NEW YORK — New research suggests that West Antarctica has warmed much more than scientists have thought over the last half-century, an ominous finding given that the huge ice sheet there may be vulnerable to an eventual collapse, with potentially drastic effects on sea level.
A paper released Sunday by the journal Nature Geoscience found that the temperature at a research station in the middle of West Antarctica has warmed by 4.4 degrees since 1958. That is roughly twice as much as scientists thought and three times the overall rate of global warming, making central West Antarctica one of the fastest-warming regions on Earth.
‘‘The surprises keep coming,’’ said Andrew J. Monaghan, a scientist at the National Center for Atmospheric Research in Boulder, Colo., who took part in the study. ‘‘When you see this type of warming, I think it’s alarming.’’
Warming in Antarctica is a relative concept. West Antarctica remains an exceedingly cold place, with average annual temperatures in the center of the ice sheet that are nearly 50 degrees below freezing.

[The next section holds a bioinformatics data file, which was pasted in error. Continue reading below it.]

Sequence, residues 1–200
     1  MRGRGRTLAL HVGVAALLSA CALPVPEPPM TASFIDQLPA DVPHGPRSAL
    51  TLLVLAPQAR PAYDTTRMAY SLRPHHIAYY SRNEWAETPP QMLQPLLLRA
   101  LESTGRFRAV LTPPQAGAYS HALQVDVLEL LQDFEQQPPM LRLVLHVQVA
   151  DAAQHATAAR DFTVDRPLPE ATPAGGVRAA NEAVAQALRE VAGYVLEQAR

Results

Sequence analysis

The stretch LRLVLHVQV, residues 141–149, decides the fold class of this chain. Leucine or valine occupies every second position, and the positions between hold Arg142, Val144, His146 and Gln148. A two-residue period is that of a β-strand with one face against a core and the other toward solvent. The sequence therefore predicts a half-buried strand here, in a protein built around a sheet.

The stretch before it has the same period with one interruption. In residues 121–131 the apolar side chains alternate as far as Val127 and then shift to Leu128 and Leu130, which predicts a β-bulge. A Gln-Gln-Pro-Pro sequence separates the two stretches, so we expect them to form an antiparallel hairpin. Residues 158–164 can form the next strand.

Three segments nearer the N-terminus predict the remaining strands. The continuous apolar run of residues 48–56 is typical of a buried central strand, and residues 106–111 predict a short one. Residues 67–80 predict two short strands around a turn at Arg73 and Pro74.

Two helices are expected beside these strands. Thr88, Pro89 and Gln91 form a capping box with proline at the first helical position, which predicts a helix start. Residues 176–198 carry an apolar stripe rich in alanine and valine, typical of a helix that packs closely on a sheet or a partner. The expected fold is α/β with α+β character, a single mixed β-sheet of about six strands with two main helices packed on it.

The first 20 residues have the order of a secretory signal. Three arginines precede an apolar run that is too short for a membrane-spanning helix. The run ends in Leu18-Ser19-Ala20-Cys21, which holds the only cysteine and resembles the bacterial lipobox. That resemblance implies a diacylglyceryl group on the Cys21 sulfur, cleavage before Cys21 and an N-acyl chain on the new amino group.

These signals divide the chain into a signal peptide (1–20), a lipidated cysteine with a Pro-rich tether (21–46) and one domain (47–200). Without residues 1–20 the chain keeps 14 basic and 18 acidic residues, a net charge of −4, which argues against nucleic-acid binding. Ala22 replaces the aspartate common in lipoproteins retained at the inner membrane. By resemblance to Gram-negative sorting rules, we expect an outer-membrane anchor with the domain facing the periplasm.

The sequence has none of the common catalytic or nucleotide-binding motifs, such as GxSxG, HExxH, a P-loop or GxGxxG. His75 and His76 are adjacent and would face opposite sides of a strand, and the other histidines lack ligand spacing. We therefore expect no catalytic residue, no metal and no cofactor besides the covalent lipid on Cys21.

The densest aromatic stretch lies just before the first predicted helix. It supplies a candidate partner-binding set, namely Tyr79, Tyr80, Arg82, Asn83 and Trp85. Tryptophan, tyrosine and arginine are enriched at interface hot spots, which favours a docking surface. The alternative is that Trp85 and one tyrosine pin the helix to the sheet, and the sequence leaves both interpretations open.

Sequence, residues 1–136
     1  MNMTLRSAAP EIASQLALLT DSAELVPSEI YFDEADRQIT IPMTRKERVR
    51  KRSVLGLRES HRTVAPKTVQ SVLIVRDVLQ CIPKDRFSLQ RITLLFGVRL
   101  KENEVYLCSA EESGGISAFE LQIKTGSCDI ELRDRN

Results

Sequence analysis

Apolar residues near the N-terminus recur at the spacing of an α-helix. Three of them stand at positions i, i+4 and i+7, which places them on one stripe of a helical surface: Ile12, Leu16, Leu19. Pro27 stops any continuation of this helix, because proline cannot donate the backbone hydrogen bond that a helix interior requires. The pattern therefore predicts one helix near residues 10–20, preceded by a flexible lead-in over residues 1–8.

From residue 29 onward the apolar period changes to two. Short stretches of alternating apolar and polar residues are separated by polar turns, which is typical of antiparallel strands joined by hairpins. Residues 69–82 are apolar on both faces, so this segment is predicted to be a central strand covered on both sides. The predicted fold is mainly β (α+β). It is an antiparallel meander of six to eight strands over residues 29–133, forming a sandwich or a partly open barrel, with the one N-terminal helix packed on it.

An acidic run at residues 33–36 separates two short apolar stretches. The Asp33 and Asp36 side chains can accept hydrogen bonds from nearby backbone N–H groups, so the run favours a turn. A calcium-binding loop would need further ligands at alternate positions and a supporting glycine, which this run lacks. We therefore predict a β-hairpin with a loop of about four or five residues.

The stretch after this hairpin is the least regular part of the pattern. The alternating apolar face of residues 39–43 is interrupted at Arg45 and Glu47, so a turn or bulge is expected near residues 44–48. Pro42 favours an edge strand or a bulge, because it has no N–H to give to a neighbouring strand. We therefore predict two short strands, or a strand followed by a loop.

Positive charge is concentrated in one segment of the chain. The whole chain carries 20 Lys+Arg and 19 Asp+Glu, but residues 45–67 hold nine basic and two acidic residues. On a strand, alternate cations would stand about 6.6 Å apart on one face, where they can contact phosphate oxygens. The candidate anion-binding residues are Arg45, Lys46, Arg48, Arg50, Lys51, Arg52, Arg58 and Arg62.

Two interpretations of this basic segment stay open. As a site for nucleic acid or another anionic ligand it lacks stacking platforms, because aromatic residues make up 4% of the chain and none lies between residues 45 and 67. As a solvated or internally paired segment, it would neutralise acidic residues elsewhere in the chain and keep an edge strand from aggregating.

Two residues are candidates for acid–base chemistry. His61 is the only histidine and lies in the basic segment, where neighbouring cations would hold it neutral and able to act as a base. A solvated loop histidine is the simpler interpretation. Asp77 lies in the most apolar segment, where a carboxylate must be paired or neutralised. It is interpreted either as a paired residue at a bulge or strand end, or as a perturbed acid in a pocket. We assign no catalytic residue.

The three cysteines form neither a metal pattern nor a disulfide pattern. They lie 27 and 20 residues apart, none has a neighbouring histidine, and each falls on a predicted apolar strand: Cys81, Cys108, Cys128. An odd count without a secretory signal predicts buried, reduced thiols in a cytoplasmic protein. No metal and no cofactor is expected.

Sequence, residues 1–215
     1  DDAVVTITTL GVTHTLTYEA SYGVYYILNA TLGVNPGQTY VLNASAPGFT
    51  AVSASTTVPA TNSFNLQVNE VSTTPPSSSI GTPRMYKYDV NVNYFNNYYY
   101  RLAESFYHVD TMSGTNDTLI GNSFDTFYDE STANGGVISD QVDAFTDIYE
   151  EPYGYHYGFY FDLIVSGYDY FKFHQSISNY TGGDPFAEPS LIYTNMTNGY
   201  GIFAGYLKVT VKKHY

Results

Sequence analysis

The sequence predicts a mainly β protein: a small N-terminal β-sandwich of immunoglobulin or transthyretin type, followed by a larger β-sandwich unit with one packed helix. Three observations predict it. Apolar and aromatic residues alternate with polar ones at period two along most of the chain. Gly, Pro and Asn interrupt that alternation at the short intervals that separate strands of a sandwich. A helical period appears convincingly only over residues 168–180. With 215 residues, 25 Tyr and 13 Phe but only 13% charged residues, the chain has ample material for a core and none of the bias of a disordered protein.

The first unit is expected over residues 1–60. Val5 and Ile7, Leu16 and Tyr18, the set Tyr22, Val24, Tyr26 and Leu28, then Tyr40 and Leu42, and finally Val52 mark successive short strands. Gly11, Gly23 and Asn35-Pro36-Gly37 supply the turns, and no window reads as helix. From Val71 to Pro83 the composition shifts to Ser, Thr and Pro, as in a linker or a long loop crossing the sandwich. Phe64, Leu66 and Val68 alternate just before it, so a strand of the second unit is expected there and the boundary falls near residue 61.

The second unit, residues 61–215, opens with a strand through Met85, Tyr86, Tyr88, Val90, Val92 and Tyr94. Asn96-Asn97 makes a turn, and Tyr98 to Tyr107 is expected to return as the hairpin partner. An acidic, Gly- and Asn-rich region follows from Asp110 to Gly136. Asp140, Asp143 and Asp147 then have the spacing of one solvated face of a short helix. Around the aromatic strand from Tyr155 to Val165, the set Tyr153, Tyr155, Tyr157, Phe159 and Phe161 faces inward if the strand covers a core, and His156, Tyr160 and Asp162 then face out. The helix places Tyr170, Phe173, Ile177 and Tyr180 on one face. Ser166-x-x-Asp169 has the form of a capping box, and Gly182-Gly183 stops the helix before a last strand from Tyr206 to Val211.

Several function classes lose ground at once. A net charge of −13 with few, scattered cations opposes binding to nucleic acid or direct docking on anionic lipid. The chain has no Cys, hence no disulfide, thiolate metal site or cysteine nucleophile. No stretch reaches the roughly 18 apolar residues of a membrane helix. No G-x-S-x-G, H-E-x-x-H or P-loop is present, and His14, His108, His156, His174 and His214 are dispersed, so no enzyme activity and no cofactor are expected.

But the temperature there does sometimes rise above freezing in the summer, and the new research raises the possibility that it might begin to happen more often, potentially weakening the ice sheet through surface melting.
A potential collapse of the West Antarctic ice sheet is one of the long-term hazards that have led scientists to worry about global warming. The base of the ice sheet sits below sea level, in a configuration that makes it especially vulnerable.
Scientists say a breakup of the ice sheet, over a period that would presumably last at least several hundred years, could raise global sea levels by 10 feet.
The new research is an attempt to resolve a scientific controversy that erupted several years ago about exactly how fast West Antarctica is warming. With few automated weather stations and even fewer human observers in the region, scientists have had to use statistical techniques to infer long-term climate trends from sparse data.